1 Attendance

We will be taking roll in lab each week! Please come to your assigned lab to be counted present!

Each lab TAs are empowered to select their own method of taking roll. Please follow your lab TA’s instructions.
They may dock points if you are excessively late or leave unusually early.

2 Pairing or More

For this and all subsequent labs, you will work in pairs.

For this lab, you are also welcome to work alone or in groups of up to four people.

3 Setup

3.1 Overview

The goal of this lab is to practice debugging techniques. It is also a chance to have you work with a larger code-base than the frequency of our assignments has let us have you create yourself thus far. And it contains a use for the dict data-type we introduced this week.

3.2 Debugging tips

As a reminder, debugging typically works as follows:

  1. Determine that there is a problem, typically by identifying a set of inputs that creates the wrong result.

  2. Discover where in the code the wrong behavior is introduced. A general guide to doing this is

    • Add print statements to help determine what is happening

    • Include enough information to know if what is happening is what should happen, such as

      • putting a print inside a control construct (if, while, or for) to see if you getting inside the control construct the expected number of times
      • printing the value of variables to see if they are what you expect
      • printing part of a subsequent expression to see if its parts are correct. For example, if fun[fun.index('keen') + 1] < 'nifty' is doing the wrong thing, you might print fun.index('keen') to see if it is a sensible value.
    • Narrow in on where the problem happened, using a variant of binary search:

      1. print before anything goes wrong and after you know something is wrong
      2. print something about halfway between the other two prints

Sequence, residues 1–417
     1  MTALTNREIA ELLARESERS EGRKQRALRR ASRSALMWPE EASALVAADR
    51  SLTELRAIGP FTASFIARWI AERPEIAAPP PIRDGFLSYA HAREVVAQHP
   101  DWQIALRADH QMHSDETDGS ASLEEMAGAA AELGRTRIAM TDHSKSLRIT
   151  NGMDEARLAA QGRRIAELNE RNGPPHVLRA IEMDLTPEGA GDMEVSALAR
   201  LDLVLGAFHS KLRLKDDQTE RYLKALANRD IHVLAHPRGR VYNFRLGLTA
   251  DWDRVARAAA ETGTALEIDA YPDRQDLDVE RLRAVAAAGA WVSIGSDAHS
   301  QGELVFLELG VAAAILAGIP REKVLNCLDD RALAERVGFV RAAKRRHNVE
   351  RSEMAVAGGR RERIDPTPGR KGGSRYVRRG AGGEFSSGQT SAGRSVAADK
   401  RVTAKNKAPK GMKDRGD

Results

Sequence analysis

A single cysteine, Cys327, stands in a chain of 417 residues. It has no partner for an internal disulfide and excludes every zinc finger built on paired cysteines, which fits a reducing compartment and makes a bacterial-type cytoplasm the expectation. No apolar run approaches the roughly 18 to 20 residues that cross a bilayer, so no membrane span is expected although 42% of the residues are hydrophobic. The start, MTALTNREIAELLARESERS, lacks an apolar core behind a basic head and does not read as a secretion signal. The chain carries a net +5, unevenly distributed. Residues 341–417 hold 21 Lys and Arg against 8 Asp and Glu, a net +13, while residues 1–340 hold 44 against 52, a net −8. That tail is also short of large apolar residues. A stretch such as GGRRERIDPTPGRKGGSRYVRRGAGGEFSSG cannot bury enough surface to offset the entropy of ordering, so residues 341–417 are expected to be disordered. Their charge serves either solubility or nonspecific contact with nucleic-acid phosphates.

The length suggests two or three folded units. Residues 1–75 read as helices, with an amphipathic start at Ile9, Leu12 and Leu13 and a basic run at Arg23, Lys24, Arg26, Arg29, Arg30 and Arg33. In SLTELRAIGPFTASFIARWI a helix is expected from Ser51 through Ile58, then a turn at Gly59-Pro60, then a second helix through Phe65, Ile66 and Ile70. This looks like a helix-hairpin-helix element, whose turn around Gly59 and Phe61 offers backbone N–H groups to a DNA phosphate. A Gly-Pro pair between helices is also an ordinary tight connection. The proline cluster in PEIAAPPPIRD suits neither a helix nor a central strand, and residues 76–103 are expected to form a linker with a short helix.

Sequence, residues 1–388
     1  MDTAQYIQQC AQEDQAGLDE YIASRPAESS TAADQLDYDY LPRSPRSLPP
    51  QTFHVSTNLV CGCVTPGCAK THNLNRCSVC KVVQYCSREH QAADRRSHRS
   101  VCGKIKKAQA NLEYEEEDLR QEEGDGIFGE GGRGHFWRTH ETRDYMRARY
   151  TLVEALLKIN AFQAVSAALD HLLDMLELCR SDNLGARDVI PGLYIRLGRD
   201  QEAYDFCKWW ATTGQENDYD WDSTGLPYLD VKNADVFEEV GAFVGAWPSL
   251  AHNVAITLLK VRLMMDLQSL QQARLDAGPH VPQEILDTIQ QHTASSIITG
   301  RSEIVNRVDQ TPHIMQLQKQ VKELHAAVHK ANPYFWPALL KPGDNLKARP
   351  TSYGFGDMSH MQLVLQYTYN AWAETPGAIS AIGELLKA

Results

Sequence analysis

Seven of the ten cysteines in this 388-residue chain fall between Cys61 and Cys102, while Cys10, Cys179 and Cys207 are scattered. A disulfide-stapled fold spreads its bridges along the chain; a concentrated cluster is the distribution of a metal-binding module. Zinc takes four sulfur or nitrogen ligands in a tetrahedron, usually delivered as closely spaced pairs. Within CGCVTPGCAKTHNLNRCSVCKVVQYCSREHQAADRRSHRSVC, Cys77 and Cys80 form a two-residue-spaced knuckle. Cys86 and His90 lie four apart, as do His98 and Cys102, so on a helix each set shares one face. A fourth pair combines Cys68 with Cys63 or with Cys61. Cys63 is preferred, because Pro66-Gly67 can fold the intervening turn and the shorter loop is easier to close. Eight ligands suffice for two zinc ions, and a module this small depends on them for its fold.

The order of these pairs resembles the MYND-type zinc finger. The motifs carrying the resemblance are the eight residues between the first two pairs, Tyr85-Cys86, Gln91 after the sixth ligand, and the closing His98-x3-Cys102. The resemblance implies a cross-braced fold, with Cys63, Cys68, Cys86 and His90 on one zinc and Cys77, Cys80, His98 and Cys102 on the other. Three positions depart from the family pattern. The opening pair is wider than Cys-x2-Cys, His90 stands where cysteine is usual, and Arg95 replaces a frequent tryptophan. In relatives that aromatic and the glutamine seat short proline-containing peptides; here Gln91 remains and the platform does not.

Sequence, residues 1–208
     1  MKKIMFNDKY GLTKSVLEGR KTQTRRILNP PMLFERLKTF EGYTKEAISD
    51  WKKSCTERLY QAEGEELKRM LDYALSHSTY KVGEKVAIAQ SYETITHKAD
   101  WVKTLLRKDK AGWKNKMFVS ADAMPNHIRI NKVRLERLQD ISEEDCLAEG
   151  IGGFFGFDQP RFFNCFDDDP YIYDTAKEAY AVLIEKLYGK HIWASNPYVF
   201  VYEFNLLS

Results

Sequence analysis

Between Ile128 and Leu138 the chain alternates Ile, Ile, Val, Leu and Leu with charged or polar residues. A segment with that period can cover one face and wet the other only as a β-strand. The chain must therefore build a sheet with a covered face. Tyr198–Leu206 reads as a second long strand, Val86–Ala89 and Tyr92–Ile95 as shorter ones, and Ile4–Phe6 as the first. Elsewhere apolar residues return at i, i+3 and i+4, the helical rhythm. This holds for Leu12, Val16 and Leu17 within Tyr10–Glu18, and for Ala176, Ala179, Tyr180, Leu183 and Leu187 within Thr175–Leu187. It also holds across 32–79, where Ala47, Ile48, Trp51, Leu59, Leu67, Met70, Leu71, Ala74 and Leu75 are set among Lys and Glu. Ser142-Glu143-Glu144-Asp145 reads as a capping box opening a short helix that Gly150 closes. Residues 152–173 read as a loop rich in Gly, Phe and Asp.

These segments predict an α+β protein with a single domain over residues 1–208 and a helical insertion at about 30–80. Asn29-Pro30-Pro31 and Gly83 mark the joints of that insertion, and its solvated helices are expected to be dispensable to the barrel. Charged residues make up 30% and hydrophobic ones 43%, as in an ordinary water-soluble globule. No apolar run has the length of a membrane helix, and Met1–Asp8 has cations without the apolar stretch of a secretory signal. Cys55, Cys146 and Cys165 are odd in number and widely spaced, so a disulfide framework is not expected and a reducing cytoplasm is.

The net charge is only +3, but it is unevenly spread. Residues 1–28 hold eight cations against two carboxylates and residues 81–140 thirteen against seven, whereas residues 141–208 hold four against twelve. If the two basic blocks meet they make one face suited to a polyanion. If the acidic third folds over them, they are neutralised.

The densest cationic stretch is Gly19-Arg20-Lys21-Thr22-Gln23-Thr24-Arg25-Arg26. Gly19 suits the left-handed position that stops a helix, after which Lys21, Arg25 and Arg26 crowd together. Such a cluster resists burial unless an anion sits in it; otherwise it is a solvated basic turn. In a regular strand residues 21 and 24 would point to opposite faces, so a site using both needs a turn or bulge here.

3. if the new print suggests things are working, you only need look after it; or if broken, you only need to look before it; either way, you’ve cut the region where the problem may have occurred in half)
      4. repeat steps 2 and 3, narrowing the region where the problem must have occurred in half again and again until you locate the problem
  3. Once you find the source of the problem, fix it.

3.3 The code to debug

The program you are to debug is designed to

  1. Read a few public-domain books
  2. Identify which words appears with other words
  3. Ask the user for words of interest
  4. Tell the user which word frequently appears with their word of interest.

There are several nuances to how this is accomplished.

  • with is defined as on the same line and within the same sentence
  • we don’t want super-common words like a to be identified for all words, so we take togetherness as frequency_together / frequency_apart
  • to better handle input that contains scripts or the like, we ignore multi-letter all-caps words
  • we strip off all boundary punctuation (i.e., free, becomes free) but not internal punctuation (i.e., don't remains don't).

4 Task

Download the following files, all into the same folder (which should be your PyCharm project folder)

  1. debug_task.py – this contains broken code to be fixed
  2. alice.txt – downloaded and slightly reformatted Alice in Wonderland from Gutenberg.org
  3. snark.txt – downloaded and slightly reformatted The Hunting of the Snark from Gutenberg.org

Then debug and fix debug_task.py. Some of the bugs are intentionally somewhat obscure… reading the comments and docstrings and working with others is encourged!

The code uses some parts of Python we have not taught you, such as the sort(key=bycount) call on line 76 and the word.strip(',;:-"[](){}<>/“”‘’_*') on line 35. We did not put bugs in these lines. We also do not lie in comments or docstrings.

4.1 Test Cases

Once fully fixed, the following should be a possible run.

What word are you interested in? speak
"speak" often appears with "english"

What word are you interested in? i
"i" often appears with "think"

What word are you interested in? thunk
"thunk" does not appear in our corpus

What word are you interested in? from
"from" often appears with "being"

What word are you interested in? being
"being" often appears with "from"

What word are you interested in? snark
"snark" often appears with "place"

What word are you interested in? place
"place" often appears with "fireplace"

What word are you interested in? 
 

Symptoms of the bugs may include

  • It crashes
  • It claims not to know a word that it should know
  • It gives an answer it shouldn’t be able to give (violating some of the rules in the The code to debug section)
  • It gives a reasonable-seeming but wrong answer

The last kind of bug listed above is the hardest to debug. You might need to read comments and docstrings and verify that code is doing what is says it is doing…

4.2 Submission

At least one partner should submit one .py file named debug_task.py to Archimedes (the submission system): https://archimedes.cs.virginia.edu/cs1110/. Please put all partners’ ids in comments at the top of the file.